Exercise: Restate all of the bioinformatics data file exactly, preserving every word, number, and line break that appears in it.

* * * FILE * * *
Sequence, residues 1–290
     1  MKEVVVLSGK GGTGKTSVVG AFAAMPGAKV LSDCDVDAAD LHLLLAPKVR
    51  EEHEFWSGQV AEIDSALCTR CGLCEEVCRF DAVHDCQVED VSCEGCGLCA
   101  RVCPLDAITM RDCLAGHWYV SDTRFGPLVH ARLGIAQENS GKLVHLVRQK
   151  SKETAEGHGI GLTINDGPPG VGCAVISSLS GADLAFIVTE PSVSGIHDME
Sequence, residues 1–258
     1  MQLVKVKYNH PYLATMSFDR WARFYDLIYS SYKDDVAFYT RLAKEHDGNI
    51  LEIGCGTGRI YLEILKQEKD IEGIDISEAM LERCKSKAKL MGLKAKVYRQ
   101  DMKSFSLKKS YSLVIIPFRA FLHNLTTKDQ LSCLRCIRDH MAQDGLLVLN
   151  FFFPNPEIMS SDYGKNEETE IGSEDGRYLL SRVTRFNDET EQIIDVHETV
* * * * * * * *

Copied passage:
Sequence, residues 1–290
     1  MKEVVVLSGK GGTGKTSVVG AFAAMPGAKV LSDCDVDAAD LHLLLAPKVR
    51  EEHEFWSGQV AEIDSALCTR CGLCEEVCRF DAVHDCQVED VSCEGCGLCA
   101  RVCPLDAITM RDCLAGHWYV SDTRFGPLVH ARLGIAQENS GKLVHLVRQK
   151  SKETAEGHGI GLTINDGPPG VGCAVISSLS GADLAFIVTE PSVSGIHDME
Sequence, residues 1–258
     1  MQLVKVKYNH PYLATMSFDR WARFYDLIYS SYKDDVAFYT RLAKEHDGNI
    51  LEIGCGTGRI YLEILKQEKD IEGIDISEAM LERCKSKAKL MGLKAKVYRQ
   101  DMKSFSLKKS YSLVIIPFRA FLHNLTTKDQ LSCLRCIRDH MAQDGLLVLN
   151  FFFPNPEIMS SDYGKNEETE IGSEDGRYLL SRVTRFNDET EQIIDVHETV